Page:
Seeking help early

By  ReachOut     |    Updated: 17th May, 2017    |    5 min read

Telling someone that you’re going through a tough time isn’t easy and usually, the worse a problem becomes, the more difficult it is to talk about. Even though seeking help can be difficult, it’s important to talk about what you are going through as soon as possible. There are lots of different people you can talk to.

 This can help if:
  • You’ve been going through a tough time
  • You know someone who’s going through a tough time
  • You really don’t like the idea of seeking help

Why seek help early?

It can be difficult to know when a problem is serious enough to speak to someone. You might be concerned about the person you are talking to judging you, or trying to intervene when you’d prefer to sort things out for yourself. While you might prefer to wait until a problem is serious before you seek help, the fact of the matter is that as we become more distressed, we are less likely to seek help. Talking about our problems becomes harder because we start to believe that no one can help us overcome the problem we are facing.

Challenges to seeking help

Seeking help can be difficult for lots of reasons. Below are some of the reasons that other young people have identified as stopping them from seeking help:

  • Not having anyone to talk to about the things which worry you the most.
  • Wanting to solve problems on your own.
  • Feeling embarrassed, uncomfortable, scared or stupid about the idea of seeking help.
  • Concerns about confidentiality or your parents finding out.
  • Hoping the problem will resolve on its own.
  • Not knowing much about mental health, or whether the problem is serious enough.
  • Not knowing how to access mental health services.
  • Negative experiences when you tried to get  help in the past.
  • Not being able to get help for practical reasons (e.g. not enough money, waiting times, or living in a rural area).

Read more about other people’s experiences in the forum discussion on seeing a health professional for the first time.

Knowing when to seek help

Lots of people have trouble figuring out whether the problem they are facing is a normal part of growing up, or a sign they need help from someone else.  Even once it becomes obvious that a problem is serious, many of us still prefer to try to solve problems on our own. This can be a good solution for everyday challenges (e.g., study stress, deciding whether to ask someone on a date). However, waiting to seek help for more serious problems (e.g. break ups, bullying, feeling down, or thoughts of self-injury) can lead to things getting worse and making it harder to talk to someone about it in the long run.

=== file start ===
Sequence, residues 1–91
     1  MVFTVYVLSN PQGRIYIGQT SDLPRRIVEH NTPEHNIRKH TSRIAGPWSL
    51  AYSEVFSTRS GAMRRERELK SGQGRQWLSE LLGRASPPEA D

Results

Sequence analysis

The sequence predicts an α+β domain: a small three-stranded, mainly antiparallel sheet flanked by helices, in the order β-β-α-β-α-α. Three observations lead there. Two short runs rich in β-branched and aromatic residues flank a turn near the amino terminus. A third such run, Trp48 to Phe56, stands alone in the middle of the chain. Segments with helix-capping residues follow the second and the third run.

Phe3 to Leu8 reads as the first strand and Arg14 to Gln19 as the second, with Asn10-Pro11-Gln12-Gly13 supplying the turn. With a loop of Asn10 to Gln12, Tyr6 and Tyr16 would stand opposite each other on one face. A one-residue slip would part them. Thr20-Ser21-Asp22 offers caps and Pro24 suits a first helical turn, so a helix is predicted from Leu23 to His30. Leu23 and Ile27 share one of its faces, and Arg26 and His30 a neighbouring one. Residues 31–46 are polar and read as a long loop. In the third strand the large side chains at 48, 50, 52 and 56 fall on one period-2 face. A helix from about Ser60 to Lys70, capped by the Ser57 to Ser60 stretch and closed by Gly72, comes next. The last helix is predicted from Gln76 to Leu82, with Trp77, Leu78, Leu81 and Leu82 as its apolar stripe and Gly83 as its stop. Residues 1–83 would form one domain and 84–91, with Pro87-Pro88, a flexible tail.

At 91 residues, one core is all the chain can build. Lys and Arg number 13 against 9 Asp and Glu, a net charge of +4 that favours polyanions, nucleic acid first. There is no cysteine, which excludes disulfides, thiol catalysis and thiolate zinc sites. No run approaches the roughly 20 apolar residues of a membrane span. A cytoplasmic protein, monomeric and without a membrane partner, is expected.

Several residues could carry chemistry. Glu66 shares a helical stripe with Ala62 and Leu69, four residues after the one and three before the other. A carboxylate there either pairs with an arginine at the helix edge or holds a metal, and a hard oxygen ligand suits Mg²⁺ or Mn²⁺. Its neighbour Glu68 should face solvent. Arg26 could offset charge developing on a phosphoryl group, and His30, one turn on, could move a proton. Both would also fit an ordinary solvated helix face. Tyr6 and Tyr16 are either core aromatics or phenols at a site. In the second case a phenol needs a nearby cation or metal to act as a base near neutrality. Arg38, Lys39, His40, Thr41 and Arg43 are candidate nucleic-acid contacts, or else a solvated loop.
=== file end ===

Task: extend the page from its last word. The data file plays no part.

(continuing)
There are some things you can do to make it easier to figure out when a problem is serious:

  • Find information on mental health issues so that you can recognise the signs that someone should seek help.
  • Increase your self-awareness. This makes it easier to communicate to others what’s going on inside your head.
  • Build your mental fitness, so that you can cope when your emotions come up.

Don’t ever feel silly about going to see your doctor about something that’s bothering you. If it’s bothering you enough to consider going to the doctor, it’s probably worthwhile.

Finding the Best Person to Talk to

It can help to know who’s available to you, and even to talk to them when you face less serious problems in order to figure out whether you trust them, just in case you face a serious problem in the future. It’s important to know all your options.

Face-to-Face Help

In most states in Australia, you can seek help from your GP or a mental health professional without your parent’s involvement when you reach the age of 16. Usually you just need your Medicare card number (not the card itself).  If you’ve got a Medicare number many health professionals will bulk-bill which means that you can see them for free.

Phone Contact with a Professional

A number of services provide 24/7 support over the phone, and many provide free calls even from your mobile phone.

Online Contact with a Professional

An increasing number of services are providing online support through instant messaging or email. These services are usually only open during certain hours, so it’s a good idea to check out the opening hours before you face a really difficult time.

Remember, if you aren’t sure who to talk to, contacting a Kids Helpline counsellor is one way that you can get some immediate help, guidance and practical support. There are counsellors available 24 hours a day, 7 days a week by calling 1800 55 1800. Or you can try using their web or email counselling services.

What can I do now?

Also check the related topics:  

What is it like getting help?

Factsheet provided by ReachOut


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